"The concept of global warming was created by and for the Chinese in order to make U.S. manufacturing non-competitive." "When will our country stop wasting money on global warming and so many other truly "STUPID" things and begin to focus on lower taxes?" "I believe in clean air. Immaculate air. But I don't believe in climate change." Three quotes that represent a tiny fraction of the number of occasions when Donald Trump has voiced scepticism regarding climate change. Over the years he has
"The concept of global warming was created by and for the Chinese in order to make U.S. manufacturing non-competitive."
"When will our country stop wasting money on global warming and so many other truly "STUPID" things and begin to focus on lower taxes?"
"I believe in clean air. Immaculate air. But I don't believe in climate change."
Three quotes that represent a tiny fraction of the number of occasions when Donald Trump has voiced scepticism regarding climate change. Over the years he has espoused opinions ranging from claims that global warming is not caused by human activity to flat-out denial the problem even exists. Consequently, it was no surprise – although no less saddening – to discover shortly after Trump’s inauguration as President of the United States that his administration had started to quietly remove all references to “climate change”, “global warming” and associated language from a whole host of US government websites, including those run by the departments of energy, agriculture, transportation and even the Environmental Protection Agency.
However, there was one department that refused to play ball. One that employs over 17,000 of the world’s finest scientists and engineers, who have built telescopes that can see 13 billion years into the past and sent spacecraft 13 billion miles across the solar system. They also just happen to have collected more data regarding climate change than anyone else on Earth, so it would be understandably difficult for them to suddenly start ignoring the subject. We are of course talking about NASA.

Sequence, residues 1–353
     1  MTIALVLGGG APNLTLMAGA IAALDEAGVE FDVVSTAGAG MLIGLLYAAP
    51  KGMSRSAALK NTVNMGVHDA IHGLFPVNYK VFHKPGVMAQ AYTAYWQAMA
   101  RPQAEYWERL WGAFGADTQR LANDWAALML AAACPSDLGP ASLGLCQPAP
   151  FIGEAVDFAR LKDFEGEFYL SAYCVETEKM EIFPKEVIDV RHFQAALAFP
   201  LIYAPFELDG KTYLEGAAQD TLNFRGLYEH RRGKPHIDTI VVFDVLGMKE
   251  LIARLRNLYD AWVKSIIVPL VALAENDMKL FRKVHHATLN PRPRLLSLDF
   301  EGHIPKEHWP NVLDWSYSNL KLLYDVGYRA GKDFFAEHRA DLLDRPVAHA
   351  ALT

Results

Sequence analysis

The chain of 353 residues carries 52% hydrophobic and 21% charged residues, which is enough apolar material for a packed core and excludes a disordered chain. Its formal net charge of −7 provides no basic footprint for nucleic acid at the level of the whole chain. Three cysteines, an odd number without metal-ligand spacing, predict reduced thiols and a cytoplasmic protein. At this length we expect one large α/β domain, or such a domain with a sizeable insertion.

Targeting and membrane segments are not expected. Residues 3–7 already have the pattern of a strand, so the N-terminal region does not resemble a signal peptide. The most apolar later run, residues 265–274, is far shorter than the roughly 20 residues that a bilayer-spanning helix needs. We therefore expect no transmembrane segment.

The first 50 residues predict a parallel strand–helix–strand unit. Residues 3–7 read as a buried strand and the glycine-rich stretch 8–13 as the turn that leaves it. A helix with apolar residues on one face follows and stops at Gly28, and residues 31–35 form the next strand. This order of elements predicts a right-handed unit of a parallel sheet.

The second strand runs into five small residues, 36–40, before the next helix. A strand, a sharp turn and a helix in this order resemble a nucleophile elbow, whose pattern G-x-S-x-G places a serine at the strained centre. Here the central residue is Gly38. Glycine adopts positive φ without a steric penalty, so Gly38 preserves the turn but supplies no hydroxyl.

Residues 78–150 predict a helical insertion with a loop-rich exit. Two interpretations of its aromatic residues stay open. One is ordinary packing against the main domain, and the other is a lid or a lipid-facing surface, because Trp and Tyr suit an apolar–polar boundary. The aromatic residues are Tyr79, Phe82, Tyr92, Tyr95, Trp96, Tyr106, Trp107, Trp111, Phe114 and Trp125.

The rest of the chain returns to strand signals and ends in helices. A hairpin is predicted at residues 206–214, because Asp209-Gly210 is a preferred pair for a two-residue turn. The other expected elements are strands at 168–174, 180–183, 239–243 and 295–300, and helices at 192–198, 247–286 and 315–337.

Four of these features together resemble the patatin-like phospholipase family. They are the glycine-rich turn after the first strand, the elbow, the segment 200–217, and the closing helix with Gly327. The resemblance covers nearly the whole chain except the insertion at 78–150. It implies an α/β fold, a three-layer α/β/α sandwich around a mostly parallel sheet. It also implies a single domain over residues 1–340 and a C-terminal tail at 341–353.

Established in 1958 at the height of the Cold War, the National Aeronautics and Space Administration has always had a distinctly civilian orientation, encouraging peaceful applications in space science – its motto is For the Benefit of All – and many still most closely associate it with the 1960s Apollo missions to land people on the Moon. Achieving such a feat by the end of that decade required the most sudden burst of technological creativity, and the largest commitment of resources ever made by any nation in peacetime. At its peak, NASA’s Apollo programme employed an astonishing 400,000 people and required the support of over 20,000 industrial firms and universities.
Between Apollo 11 in 1969 and Apollo 17 in 1972, NASA landed 12 men on the Moon over the course of six missions, each time returning them safely to Earth – a scientific and technological feat that has yet to be surpassed. On what would be the final mission, the crew of Apollo 17 took an extraordinary photograph of the Earth from the window of their spacecraft. This image, now known as The Blue Marble, was the first time that our planet had been captured on camera in its entirety and has become one of the most reproduced images in human history. If you have ever come across a photograph of the Earth, it is almost certainly this one that you have seen.
“The sight of the whole Earth, small, alive, and alone, caused scientific and philosophical thought to shift away from the assumption that the Earth was a fixed environment, unalterably given to humankind, and towards a model of the Earth as an evolving environment, conditioned by life and alterable by human activity,” wrote the historian Robert Poole. “It was the defining moment of the twentieth century.”